Words cannot express my relief at being out of the dark and threatening woods of Symbolic Literature and breathing freely again in the sunny meadow of Clever, Bleeding-Heart Investigative Journalism. This book is a thing of beauty and a joy to read forever.
The essential point of the book is to find out where, exactly, beef comes from. Driving past the big feedlot in Coalinga on I-5, which is how urban dwellers like me see cattle, doesn't explain how animals turn into hamburgers. Where are they born, how, who owns them, why, how are they traded and for how much, how fast do they grow, how are they treated, what are they like, what do they eat, how long do they live, who decides when they're going to be slaughtered, when is that anyway, where do they go then, under whose control, how, and what then? So the author, Peter Lovenheim, bought two calves and followed them "from conception to consumption".
Really. Conception. Slightly further back than that, even: he went to the artificial-insemination company that provided the semen that was used to impregnate the cow that gave birth to the calves, and he watched them collect it from the bull. This is a new, and impressive, definition of thorough. He just went right ahead and bought a pair of barn boots and spent two years driving back and forth between his urban home and the farms where his cattle were kept. If the farmers, milkers, cattle haulers, vets, auctioneers, buyers, inspectors, or absolutely anyone else did absolutely anything, he wrangled a way to see it and ask about it.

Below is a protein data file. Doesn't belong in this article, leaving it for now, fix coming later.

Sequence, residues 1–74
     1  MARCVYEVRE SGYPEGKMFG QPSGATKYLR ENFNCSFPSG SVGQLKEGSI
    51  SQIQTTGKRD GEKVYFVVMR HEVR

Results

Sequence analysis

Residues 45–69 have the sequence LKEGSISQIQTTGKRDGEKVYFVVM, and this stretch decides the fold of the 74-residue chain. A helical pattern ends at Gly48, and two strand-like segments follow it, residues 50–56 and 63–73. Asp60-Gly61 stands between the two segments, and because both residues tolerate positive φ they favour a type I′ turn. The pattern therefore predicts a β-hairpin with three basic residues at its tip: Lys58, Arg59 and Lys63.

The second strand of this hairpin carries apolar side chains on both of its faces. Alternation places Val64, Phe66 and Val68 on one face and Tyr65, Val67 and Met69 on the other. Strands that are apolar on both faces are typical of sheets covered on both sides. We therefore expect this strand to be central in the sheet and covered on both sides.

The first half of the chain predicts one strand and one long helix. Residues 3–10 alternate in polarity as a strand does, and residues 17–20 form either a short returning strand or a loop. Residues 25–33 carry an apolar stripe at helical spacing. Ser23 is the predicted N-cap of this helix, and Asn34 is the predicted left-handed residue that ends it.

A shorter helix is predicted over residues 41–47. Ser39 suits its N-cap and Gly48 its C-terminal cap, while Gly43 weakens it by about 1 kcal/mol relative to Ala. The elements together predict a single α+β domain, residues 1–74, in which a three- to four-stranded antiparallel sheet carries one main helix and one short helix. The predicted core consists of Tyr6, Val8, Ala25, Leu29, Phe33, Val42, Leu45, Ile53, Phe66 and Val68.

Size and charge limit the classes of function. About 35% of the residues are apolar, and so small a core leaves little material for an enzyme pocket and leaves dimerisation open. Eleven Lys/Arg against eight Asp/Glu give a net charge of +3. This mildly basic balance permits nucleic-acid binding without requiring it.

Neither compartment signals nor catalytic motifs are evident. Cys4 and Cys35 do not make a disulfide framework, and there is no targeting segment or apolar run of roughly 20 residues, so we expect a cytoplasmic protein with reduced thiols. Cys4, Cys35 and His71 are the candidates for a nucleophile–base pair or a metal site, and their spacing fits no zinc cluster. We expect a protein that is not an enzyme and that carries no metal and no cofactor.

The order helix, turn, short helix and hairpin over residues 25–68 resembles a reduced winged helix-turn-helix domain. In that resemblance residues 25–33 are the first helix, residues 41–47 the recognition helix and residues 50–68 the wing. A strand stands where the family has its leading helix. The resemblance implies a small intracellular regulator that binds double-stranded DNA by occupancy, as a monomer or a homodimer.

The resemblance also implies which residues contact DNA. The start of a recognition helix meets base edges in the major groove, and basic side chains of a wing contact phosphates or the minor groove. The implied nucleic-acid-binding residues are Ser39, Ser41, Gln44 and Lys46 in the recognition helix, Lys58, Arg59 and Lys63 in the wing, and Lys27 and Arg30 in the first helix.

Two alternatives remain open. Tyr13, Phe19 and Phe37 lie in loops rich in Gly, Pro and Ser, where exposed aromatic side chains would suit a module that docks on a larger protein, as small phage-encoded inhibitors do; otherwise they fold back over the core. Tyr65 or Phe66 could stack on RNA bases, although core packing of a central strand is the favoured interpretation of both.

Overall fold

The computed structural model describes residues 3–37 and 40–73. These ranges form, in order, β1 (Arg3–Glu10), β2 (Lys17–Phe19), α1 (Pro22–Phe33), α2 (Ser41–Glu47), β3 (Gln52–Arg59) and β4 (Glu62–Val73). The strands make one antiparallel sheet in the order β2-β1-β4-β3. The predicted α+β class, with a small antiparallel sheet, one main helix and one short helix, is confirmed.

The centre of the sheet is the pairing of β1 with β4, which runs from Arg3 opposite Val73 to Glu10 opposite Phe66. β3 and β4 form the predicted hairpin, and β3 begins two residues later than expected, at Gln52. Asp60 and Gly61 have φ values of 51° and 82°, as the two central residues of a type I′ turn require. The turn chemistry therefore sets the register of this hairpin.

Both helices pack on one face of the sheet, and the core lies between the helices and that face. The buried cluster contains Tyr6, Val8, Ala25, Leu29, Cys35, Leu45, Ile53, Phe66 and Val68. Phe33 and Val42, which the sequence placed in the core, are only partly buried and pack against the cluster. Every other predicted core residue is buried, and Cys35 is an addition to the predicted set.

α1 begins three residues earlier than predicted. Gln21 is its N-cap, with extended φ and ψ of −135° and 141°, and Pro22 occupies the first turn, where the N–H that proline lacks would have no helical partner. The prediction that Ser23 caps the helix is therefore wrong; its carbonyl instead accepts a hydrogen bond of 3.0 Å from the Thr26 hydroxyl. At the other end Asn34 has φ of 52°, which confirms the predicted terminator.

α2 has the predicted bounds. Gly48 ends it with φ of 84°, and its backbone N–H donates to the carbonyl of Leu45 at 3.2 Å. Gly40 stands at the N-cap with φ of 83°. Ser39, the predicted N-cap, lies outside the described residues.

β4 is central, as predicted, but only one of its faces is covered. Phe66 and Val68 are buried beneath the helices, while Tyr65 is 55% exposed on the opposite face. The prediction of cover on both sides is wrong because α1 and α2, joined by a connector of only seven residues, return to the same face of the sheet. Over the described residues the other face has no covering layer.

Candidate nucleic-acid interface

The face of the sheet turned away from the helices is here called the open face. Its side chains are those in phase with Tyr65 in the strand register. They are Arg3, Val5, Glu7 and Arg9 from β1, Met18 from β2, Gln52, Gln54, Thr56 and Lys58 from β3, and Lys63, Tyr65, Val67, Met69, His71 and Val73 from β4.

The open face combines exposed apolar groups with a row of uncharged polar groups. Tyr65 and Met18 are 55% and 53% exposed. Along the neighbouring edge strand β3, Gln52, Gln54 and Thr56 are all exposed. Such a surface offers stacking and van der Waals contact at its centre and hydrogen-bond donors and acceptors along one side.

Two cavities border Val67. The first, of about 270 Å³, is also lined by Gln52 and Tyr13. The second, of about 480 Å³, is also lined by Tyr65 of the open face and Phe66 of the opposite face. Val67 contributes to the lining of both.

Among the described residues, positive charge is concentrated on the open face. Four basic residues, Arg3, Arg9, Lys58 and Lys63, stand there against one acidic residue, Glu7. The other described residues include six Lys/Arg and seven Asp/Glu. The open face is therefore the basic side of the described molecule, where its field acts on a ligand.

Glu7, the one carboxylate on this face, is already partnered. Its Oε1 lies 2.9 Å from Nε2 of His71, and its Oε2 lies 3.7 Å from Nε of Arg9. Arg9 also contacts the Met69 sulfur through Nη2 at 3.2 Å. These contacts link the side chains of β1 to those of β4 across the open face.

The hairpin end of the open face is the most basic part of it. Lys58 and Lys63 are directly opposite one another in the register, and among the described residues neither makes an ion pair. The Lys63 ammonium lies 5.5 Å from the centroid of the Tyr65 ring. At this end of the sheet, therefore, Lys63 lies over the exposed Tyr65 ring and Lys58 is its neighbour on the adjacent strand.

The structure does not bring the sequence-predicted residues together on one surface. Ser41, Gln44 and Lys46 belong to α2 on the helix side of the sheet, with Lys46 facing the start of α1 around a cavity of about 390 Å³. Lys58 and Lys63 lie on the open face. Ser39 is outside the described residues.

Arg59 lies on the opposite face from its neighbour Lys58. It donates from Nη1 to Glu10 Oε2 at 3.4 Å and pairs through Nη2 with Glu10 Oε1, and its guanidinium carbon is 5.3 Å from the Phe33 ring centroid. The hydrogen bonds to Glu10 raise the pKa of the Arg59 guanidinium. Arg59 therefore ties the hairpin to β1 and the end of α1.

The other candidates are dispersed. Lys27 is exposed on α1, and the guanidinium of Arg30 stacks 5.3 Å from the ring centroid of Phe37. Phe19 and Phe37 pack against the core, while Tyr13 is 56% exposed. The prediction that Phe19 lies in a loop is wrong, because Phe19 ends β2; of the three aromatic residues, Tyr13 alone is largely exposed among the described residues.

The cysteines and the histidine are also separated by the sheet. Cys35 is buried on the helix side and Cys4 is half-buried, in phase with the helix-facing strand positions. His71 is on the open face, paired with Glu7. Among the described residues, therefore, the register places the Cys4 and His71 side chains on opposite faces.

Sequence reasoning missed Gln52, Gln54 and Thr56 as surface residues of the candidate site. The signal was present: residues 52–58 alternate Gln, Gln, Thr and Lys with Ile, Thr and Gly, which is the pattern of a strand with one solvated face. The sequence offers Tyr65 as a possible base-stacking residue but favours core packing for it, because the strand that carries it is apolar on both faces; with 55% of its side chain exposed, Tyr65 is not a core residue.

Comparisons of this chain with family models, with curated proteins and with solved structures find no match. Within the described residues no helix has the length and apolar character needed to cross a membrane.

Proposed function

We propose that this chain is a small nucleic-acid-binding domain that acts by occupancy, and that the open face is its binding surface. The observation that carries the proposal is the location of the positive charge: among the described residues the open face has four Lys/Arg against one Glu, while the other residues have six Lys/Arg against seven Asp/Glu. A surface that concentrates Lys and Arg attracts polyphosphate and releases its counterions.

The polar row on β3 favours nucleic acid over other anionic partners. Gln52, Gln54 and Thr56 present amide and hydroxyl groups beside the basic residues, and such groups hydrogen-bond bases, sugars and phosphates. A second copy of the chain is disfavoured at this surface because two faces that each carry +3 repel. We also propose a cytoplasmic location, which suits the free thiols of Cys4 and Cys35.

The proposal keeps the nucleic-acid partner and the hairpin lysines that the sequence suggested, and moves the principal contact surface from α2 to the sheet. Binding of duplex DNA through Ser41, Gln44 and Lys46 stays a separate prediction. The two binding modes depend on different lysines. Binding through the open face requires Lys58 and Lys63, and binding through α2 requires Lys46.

Despite that fact, it isn't an exposé. It's just a description. There aren't any tales of sneaking into barns and hiding in the hay to watch cackling farmers feeding rusty nails and chicken droppings to the cattle (moldy bagels, yes, but last I heard it was still legal to give expired bread products to cows). Breaking news: some people are nice to cows, and some people aren't so nice to cows. People with jobs involving manure and getting kicked in the knee by irritable animals three times their own size are essentially the same as people with jobs not involving manure and getting kicked in the knee by irritable animals three times their own size. The indignant meat-eschewer can still find things to be self-righteous about: domestication is by definition an unnatural state for cows, and I wouldn't really want to be fattened up and kept standing in my own shit either. Not an exposé, though; for that you'd want Fast Food Nation.
I read most of the book a few months ago, got distracted, and only recently picked it up again to finish it. Once I did, I remembered that it's a hard book to stop reading, and I went back to the beginning and read the whole damn thing over again. It's that good. I should probably buy my own copy so I can give the one I've got back to my sister, because I'm likely to want to pick it up and read it again. Consider it vehemently recommended.Posted by dianna at September 15, 2005 10:05 AM